How My Husband’s Relationship With Our Daughter Evolved After His Spinal Cord Injury
I vividly remember the first time I put the search terms “quadriplegic father” into my phone, hoping to find pictures, articles, anything that could give me hope that my husband Jeff and our then 4-year-old daughter Evie would eventually settle into – and hopefully thrive in – their new father/daughter relationship.
It was two months after Jeff’s spinal cord injury. He’d been paralyzed from the neck down in a diving accident, and he’d just been transferred to a spinal cord injury rehab hospital. He was still in the ICU there, and I spent every night next to him in a horribly uncomfortable chair. I didn’t sleep much, so most nights I searched for practical things like ramps and mobile assistive devices I had come to realize we would need for the rest of our lives.
But this night was different. I found myself stuck on the subject of Jeff and Evie. I wondered how their relationship might be altered due to this turn of events. Questions raced through my mind. Will Evie accept a dad who is paralyzed and in a wheelchair? How will Jeff parent Evie when he can’t move?
I’ve had the privilege of watching – and documenting – Jeff and Evie’s relationship re-develop and change over the last three years. I’ve witnessed an astonishing amount of resiliency in both of them as they’ve made room for his disability in their relationship.
To showcase how they have adapted and evolved in the way they interact, I decided to create a video made from clips of them playing together both before and after Jeff’s injury. The video centers around an activity they love – we call it “The Basket Pull.” I have clips of Evie in baskets ranging from empty cardboard boxes to laundry bins. In each video, Jeff is pulling her either with his hands or behind his wheelchair.
It makes me so happy to see these two playing, smiling, and laughing together. Those are some of the milestones we use to move forward in this life. But make no mistake, even when we’re moving forward, there’s still a lot of grief and sadness on this path. Even when we come to a clearing where we’re happy and thriving, moments later we can unexpectedly find ourselves in a tangled jungle of missing the life we used to have.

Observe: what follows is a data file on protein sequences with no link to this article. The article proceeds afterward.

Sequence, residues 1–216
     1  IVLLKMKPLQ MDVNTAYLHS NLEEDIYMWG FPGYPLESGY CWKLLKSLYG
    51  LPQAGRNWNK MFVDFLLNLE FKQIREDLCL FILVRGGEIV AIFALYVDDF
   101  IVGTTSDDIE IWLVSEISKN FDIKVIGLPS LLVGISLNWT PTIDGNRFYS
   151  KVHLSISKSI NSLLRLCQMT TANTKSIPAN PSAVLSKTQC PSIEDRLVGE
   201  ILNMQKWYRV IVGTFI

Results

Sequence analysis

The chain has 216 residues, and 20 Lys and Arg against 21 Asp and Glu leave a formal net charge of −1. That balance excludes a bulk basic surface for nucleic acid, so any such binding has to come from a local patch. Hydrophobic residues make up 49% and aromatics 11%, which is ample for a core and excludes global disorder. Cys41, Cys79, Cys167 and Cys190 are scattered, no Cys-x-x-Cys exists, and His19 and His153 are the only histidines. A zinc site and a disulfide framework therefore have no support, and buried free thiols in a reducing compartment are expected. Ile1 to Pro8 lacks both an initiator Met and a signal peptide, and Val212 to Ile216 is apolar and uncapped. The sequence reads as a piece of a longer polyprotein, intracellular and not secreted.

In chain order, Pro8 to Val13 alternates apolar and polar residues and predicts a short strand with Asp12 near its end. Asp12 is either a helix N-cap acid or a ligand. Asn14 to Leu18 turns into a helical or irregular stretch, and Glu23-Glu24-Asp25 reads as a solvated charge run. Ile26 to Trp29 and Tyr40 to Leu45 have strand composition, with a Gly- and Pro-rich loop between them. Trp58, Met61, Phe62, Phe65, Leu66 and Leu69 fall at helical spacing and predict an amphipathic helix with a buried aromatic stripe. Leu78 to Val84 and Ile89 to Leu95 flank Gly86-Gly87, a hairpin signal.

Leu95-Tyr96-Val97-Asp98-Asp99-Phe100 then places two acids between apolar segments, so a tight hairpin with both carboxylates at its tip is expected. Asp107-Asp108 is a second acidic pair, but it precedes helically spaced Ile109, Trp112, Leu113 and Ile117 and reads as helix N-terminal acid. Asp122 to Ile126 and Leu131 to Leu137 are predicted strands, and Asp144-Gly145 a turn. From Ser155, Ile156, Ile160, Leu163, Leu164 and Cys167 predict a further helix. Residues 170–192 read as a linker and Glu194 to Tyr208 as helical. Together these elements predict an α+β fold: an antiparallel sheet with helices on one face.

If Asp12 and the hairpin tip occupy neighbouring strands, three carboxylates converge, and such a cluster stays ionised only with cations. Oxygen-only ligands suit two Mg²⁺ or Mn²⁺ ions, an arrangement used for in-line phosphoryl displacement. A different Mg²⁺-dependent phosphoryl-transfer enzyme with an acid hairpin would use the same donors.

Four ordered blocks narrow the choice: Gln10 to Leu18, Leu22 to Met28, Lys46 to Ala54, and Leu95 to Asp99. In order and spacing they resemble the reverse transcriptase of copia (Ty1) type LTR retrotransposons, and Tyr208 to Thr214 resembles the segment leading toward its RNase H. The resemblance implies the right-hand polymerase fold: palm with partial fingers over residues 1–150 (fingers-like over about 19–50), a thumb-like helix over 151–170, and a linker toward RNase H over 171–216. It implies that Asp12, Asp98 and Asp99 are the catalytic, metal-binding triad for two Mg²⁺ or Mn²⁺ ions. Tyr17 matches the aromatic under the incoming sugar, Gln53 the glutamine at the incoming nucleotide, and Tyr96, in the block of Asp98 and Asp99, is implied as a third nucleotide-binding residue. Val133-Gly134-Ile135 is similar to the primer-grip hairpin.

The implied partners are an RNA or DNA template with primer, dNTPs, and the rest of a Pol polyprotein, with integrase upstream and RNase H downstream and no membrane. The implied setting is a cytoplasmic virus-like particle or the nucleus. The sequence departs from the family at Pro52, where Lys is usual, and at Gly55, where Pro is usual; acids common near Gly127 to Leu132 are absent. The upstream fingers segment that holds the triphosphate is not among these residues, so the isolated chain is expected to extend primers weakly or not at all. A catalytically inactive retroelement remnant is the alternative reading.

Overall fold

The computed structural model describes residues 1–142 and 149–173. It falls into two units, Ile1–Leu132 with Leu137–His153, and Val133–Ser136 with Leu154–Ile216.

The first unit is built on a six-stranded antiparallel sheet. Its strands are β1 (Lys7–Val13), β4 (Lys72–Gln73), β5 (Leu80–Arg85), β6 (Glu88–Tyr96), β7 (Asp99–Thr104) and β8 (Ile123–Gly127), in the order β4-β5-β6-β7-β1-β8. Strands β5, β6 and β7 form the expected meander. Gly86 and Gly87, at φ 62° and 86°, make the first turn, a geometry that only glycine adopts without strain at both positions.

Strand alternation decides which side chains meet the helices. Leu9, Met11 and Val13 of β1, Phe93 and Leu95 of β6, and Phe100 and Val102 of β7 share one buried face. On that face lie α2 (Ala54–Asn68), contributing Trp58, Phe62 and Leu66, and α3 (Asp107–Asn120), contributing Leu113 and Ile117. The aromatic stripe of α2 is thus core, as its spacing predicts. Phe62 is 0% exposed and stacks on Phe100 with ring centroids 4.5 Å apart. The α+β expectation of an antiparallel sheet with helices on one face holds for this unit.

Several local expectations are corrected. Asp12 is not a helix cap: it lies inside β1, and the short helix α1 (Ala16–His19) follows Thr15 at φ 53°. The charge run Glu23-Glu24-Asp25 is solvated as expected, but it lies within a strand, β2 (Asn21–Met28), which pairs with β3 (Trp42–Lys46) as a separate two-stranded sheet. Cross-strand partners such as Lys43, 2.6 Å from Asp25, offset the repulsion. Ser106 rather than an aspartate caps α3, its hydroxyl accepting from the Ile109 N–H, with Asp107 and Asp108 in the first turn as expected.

When I was putting the video together, Evie came into the office to join me. Together, she and I watched the videos of Jeff pulling her in the basket when she was a baby. She marveled at her cute, younger self and her high-pitched toddler giggles. She watched as her big, strong dad turned a flight of stairs into her own personal roller coaster, and she laughed.
But then she got very quiet. She turned her gaze downward, and came in close to me.
I was so caught up in the video, knowing it was about to transition to clips of them playing in the present, that her soft words caught me off guard.
“I wish Daddy wasn’t paralyzed.”
The cracks in my heart deepened. I turned down the volume and let the video play on in silence. I wrapped my arm around her – something that Jeff never stops wishing he could do – and I whispered, “Me too, sweetie.”
And with those words, our clearing was enveloped with tangled vines. With memories of an old life that, when looked at through the lens of this new life, seems to have been merely a dream.
We stared at the silent video playing on the screen. Jeff was pulling Evie in a laundry basket behind his wheelchair, and she was grinning from ear to ear.
“But Daddy can still play with you now,” I said quietly. “Just in a different way.”
“Yep,” she chirped. And she shrugged off the tangled vines and skipped out of the office.
So much about moving forward in this life is dealing with the hard stuff. It’s about being enveloped by that tangled mess of vines and making a conscious decision to fight our way out rather than succumb.
We choose to move forward. Not because it’s easy. Not because we want others to marvel at us. Simply because we want to keep on living.
And so those questions I fretted over when Jeff was still in ICU have been answered over the last three years. Will Evie accept a dad who is paralyzed and in a wheelchair? The answer is yes. How will Jeff parent Evie when he can’t move? I take the answer to that one from a previous blog post I wrote: Being able to touch your children doesn’t make you a good parent. Being able to connect with them does.
And the connection between these two is crystal clear.
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